The Newcastle City Marina Best Decorated Boat prize went to St Ayles RC for the lovely froggy decorations on the boat whilst the Best Dressed Crew went to Gosforth Community RC for a their fantastic dress as gondoliers.

 

The Harry Clasper Award (given at the discretion of the organisers to a deserving rower or crew) went to Angela Reid of Byker Community RC. This was given to Angela to show that anyone can take part in rowing, even if you’ve recently completed a course of chemotherapy and will be having another operation in a month’s time. The Byker crew also won the “Enjoying the View” award for proving it’s the taking part not the winning that counts.

 

As crews arrived onto the beach at Tynemouth Hannabiell and the Midnight Blue welcomed them with a taste of Afro-Caribbean and Latin percussion and brass, to liven up the atmosphere as crews disembarked and tucked into the barbeque.

 

“I’ve never seen so many craft land on the beach, ” said Tynemouth RC Captain Nina Laurie, “we love to welcome all the crews to our small friendly club each year and it’s fantastic to see the event growing.”

The organising committee already have sights set on next year with the date of September 6th pencilled in. More information (and a new web site) will be following soon, so keep your eyes peeled.

 

Note: Due partly to an expected DFDS ferry but more to two other large ship movements all about the same time, crews had to be halted and times were not taken; awards and prizes were thus awarded to crews who crossed the line first in their category - see results here. This will be a key issue in our wash-up meeting or meetings and we will plan for such eventualities better next year.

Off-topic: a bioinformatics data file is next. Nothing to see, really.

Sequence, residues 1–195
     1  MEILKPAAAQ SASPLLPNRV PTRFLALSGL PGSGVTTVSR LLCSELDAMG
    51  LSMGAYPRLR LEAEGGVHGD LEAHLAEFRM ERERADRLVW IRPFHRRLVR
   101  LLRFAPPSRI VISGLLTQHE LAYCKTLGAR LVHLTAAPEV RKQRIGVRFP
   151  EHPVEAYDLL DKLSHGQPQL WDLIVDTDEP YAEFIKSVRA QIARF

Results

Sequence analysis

Locations and timings on the day - archive information

 

The draw showing which category/division boats were entered, start times and boating locations is downloadable below.

 

In the morning the event start was run from Tyne Rowing Club, but some clubs were asked to boat from Tyne United Rowing Club across the river and others (generally the fixed seat boats) from the slipway at Tyne Riverside Country Park at Newburn. The start was a very short distance downstream from the boating points. The finish of the race was a short distance upstream of Tynemouth Rowing Club, where boats landed.

 

Detailed instructions on boating, navigation and landing from, 2014 can also be downloaded below. The background documents were primarily for the organising team, but you are welcome to read them.

 

Timings planned for 2014 were:

Start host clubs Tyne RC and Tyne United RC open:  10:00

Registration open: 11:00
Registration close: 13:00
Briefings: 13:00, 13:20, 13:40
Boating start: 14:00
First division off: 14:30 (just on high tide)
Last division off: 15:20
Prize-giving: 19:00 (more like 20:00 as it turned out)

After party at finish host club Tynemouth RC following prize-giving.

 

Download archive from 2014 - all pdfs unless shown

 

Primarily for crews:

* Information for crews

* Navigation and safety guide: high res (2mb) or low res (500kb)

* Provisional draw (this will change, some alterations already known about)

* Draw, second version: pdf  or  xls  - issued 21:00 on 15-09-14

* Draw, third and final version:  pdf or  xls  -  issued 23:00 on 19-09-14

 

Primarily for organisers, but you are welcome to read:

* Risk assessment plus supplementary re dragon boat

* Safety and emergency plan

* Day plan (timetable etc)

* Insurance

* Port of Tyne approval

 

Contact us

 

Telephone: Colin Percy, GTR Coordinator for 2014, on 07985 003304.

 

Email: greattynerow@gmail.com.

 

This page last updated on 07-10-14.